33. 33. The big story …
  34. 34. An un-flat world feeds the drive to develop … US real GDP per capita (ratio to 2009 level) (chained 2000 dollars) Sources: US Department of Commerce; NBER
  35. 35. … that will remap global GDP … Real GDP in selected regions (percent change from four quarters earlier) Sources: US Department of Commerce; JPMorgan Chase & Co.
  36. 36. … to look more like the distribution of the population Distribution of real GDP (percent of global output) Sources: NBER recession bars; US Department of Commerce; various academic sources
  37. 37. Conclusion … what it means
  38. 38. Recovery puts the focus on high-tide for asset values … Market value of all publicly traded stocks (Wilshire 5000 index) Source: Dow Jones
  39. 39. … and that makes the market look cheap … Equity P-E Wilshire 5000 index Source: US Department of Labor
  40. 40. … and for bonds, the market has been too bearish … Nominal and real 10-year Treasury yield (percent) Sources: NBER recession bars; Federal Reserve Board; US Department of Labor
  41. 41. … especially when businesses have options Market value of all publicly traded stocks (Wilshire 5000 index) Source: Dow Jones
  42. 42. The retail sector faces the biggest challenge … Consumer spending share of GDP (percentage of GDP ) Source: US Department of Commerce
  43. 43. Appendix I. The runs of August (2007)
  44. 44. The unsustainable can’t be sustained Nominal gross income per household and house prices (ratio to 1970 Q1 level) Sources: Loan Performance Corporation; US Department of Commerce
  45. 45. The home building correction was manageable Contribution of new home building to quarterly real GDP growth (percentage points annualized) Source: US Department of Commerce
  46. 46. When the cure became the problem Selected rates in the interbank funding markets (percent) Sources: BBA; Federal Reserve Board
  47. 47. The weakest links were shut down Long-term yield on noninvestment grade debt less 10-year Treasury yield (basis points) Sources: JPMorgan Chase & Co.; Bloomberg
  48. 48. Appendix II. Inflation … R.I.P.
  49. 49. “ Low levels of resource utilization”, the big idea US unemployment rate (percent of the labor force) ¹ Range of FOMC members’ views Sources: NBER recession bars; US Department of Labor; Federal Reserve Board
  50. 50. Unemployment … but what you don’t see counts too … Ratio of selected worker status to the population Source: US Department of Labor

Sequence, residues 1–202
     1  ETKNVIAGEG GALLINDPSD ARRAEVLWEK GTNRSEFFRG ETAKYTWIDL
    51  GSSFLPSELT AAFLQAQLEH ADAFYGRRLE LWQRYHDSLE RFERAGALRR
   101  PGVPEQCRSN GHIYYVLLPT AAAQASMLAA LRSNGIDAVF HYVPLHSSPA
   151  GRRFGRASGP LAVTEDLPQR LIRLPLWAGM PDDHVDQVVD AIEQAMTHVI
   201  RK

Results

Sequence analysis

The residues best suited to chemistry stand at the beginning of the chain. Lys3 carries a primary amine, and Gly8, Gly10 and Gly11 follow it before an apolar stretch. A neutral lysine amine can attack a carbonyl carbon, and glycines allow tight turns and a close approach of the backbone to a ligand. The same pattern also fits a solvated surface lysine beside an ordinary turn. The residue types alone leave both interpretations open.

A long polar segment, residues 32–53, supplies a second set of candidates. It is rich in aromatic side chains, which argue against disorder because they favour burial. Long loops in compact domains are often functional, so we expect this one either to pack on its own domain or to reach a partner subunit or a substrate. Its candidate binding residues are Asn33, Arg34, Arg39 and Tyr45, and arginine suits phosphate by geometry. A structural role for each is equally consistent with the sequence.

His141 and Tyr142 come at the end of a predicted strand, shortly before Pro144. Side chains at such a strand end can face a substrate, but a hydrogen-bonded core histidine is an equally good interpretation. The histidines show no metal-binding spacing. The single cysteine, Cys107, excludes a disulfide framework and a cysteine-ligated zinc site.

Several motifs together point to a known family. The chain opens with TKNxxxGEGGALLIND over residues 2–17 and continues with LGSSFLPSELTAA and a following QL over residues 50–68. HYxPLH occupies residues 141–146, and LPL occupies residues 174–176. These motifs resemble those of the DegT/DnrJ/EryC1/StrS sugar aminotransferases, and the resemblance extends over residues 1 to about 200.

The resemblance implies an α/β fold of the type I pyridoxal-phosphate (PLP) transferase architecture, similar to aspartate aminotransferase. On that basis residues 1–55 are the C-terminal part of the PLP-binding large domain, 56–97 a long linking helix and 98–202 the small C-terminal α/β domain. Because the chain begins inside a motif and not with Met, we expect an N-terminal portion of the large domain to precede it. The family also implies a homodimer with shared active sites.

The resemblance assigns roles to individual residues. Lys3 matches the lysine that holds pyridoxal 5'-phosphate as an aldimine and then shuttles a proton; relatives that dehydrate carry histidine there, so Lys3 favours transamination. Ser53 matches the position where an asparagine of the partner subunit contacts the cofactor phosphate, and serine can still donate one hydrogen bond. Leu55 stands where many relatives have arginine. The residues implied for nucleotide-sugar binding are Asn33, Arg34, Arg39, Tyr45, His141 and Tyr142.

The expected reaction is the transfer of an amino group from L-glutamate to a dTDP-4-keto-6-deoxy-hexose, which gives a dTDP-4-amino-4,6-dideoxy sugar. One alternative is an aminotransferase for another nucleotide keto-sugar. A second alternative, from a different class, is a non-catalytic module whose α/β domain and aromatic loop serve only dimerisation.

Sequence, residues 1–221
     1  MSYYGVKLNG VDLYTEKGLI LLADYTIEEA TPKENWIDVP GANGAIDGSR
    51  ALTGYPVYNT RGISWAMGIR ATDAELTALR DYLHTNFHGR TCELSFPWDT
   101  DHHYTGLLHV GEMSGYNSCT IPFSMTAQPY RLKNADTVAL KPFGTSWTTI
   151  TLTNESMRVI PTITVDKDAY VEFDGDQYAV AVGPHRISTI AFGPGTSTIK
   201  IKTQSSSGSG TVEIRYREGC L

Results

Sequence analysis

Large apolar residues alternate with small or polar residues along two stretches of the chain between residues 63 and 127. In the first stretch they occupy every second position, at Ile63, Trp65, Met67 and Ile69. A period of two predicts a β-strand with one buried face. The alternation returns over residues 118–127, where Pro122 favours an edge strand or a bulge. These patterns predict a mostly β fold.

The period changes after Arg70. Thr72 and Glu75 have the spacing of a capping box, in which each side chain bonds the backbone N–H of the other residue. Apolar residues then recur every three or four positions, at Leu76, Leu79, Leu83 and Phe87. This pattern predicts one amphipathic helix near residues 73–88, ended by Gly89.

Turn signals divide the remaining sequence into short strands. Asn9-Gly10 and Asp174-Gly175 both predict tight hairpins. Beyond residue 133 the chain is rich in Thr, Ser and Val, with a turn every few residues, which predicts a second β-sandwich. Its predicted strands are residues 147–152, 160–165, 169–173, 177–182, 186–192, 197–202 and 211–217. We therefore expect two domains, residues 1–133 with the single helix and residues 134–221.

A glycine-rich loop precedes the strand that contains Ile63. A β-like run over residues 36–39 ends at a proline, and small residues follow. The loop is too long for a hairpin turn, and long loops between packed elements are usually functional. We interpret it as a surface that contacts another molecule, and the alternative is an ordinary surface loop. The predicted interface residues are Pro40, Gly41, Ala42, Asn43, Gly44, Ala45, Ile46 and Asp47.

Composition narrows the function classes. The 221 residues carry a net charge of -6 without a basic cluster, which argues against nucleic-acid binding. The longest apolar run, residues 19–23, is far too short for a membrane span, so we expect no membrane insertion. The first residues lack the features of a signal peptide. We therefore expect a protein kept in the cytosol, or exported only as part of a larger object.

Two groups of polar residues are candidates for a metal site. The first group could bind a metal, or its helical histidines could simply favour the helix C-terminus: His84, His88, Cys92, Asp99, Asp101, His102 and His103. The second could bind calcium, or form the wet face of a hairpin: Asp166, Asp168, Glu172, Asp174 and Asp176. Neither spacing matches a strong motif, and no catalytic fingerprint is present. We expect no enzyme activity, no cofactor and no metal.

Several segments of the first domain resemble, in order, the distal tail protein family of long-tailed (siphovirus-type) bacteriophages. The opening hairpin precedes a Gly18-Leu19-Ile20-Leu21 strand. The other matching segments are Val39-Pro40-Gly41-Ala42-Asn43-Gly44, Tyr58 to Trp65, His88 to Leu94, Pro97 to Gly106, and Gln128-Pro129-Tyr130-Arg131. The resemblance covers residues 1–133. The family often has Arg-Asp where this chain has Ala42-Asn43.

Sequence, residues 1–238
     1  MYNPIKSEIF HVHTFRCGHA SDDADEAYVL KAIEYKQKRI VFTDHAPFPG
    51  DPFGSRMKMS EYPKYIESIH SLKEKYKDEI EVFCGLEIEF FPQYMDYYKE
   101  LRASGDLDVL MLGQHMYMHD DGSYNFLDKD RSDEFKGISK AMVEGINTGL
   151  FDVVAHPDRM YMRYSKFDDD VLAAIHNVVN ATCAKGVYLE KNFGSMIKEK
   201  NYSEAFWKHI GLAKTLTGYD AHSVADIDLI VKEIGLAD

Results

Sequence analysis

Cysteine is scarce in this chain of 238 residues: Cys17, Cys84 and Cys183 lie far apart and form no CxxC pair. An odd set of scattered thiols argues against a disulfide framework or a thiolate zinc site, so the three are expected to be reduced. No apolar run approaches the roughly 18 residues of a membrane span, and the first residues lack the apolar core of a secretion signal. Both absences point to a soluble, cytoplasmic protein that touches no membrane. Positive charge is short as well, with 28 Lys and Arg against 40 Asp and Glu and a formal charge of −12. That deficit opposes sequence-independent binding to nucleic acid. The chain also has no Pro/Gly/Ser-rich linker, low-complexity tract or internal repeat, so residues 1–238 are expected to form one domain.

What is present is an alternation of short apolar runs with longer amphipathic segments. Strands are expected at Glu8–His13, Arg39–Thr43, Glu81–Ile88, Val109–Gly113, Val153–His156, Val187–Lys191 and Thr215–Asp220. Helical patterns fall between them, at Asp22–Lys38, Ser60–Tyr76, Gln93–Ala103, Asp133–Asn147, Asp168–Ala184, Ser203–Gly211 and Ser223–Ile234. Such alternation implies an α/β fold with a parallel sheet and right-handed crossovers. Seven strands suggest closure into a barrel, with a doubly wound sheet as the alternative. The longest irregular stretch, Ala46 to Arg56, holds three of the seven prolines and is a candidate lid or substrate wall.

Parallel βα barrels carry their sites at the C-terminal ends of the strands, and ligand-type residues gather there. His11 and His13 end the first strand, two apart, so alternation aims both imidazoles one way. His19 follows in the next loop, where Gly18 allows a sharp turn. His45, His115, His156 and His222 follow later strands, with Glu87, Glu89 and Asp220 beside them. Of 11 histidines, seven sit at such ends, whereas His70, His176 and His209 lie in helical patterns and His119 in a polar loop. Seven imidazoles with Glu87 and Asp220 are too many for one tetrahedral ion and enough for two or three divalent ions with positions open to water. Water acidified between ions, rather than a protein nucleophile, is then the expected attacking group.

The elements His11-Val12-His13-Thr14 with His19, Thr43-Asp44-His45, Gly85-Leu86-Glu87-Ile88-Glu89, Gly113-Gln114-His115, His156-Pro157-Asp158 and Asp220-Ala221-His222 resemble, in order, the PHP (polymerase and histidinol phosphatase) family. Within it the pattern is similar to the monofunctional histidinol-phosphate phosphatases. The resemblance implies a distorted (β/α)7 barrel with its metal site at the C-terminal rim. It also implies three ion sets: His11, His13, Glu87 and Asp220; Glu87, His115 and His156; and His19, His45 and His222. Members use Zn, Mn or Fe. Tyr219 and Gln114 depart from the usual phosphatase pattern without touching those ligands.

51. 51. … deviations from a normal economy Status of selected people in the labor pool (thousands) Source: US Department of Labor
  52. 52. Remember how recessions work on inflation … slowly Core chain PCE inflation (annualized percent change) Source: US Department of Commerce
  53. 53. Working with the cycle, the Fed’s long-run strategy Core chain PCE inflation (annualized percent change) Actual unemployment less Nairu Source: US Department of Commerce
  54. 54. Appendix III. The monetary base(less)
  55. 55. The textbook story about money creation … Federal Reserve assets (billions of dollars outstanding) Source: Federal Reserve Board
  56. 56. … doesn’t apply in today’s case … Federal Reserve liabilities (billions of dollars outstanding) Source: Federal Reserve Board
  57. 57. … because the Fed’s reserves remain it its vaults Monetary base (billions of dollars) M2 (billions of dollars) Source: Federal Reserve Board
  58. 58. Appendix IV. Fiscal hysteria … get a grip
  59. 59. Wanted … a new conversation about fiscal issues The airwaves are full of nonsense (like global warming, it’s not about the seasonal shifts) Tedious … we don’t need you to repeat the front pages Pointless … we’re not going to cut the deficit in recession Misdirected focus … the $1.5 trillion – $1 trillion due to recession – isn’t the issue It’s the underlying (long-term) issue Left on auto pilot, spending doubles as a share of the economy (CBO) Five options: (1) Double the tax burden … not happening (2) Deficit finance … over the market’s (and economy’s) dead body (3) Defer to an outsider (the government) to continually whittle health care spending (4) Incentivize the industry to find the best solution … users need to be more involved (5) Change the conversation about economics (raise economic literacy): * Endogenize the retirement decision * Spur national saving (eliminate the tax on saving, consumption-based income tax) * Eliminate the corporate income tax (people pay taxes) * Eliminate the employer deductibility of health care expenses * Tort reform
  60. 60. Bonds to pundits: it’s not about today’s red ink … Federal budget balance (percent of GDP) 10-year Treasury yield (percent) Sources: NBER recession bars; Congressional Budget Office; Federal Reserve Board
  61. 61. The red ink, scary of course, in absolute terms … Federal budget balance (billions of dollars over the most recent 12 months) Sources: NBER recession bars; NBER Macroeconomic database
  62. 62. … up close Federal budget balance (billions of dollars over the most recent 12 months) Sources: NBER recession bars; NBER Macroeconomic database
  63. 63. Scaled to the size economy … Federal budget balance (percent of GDP) Sources: NBER recession bars; NBER Macroeconomic database
  64. 64. … up close Federal budget balance (percent of GDP) Sources: NBER recession bars; NBER Macroeconomic database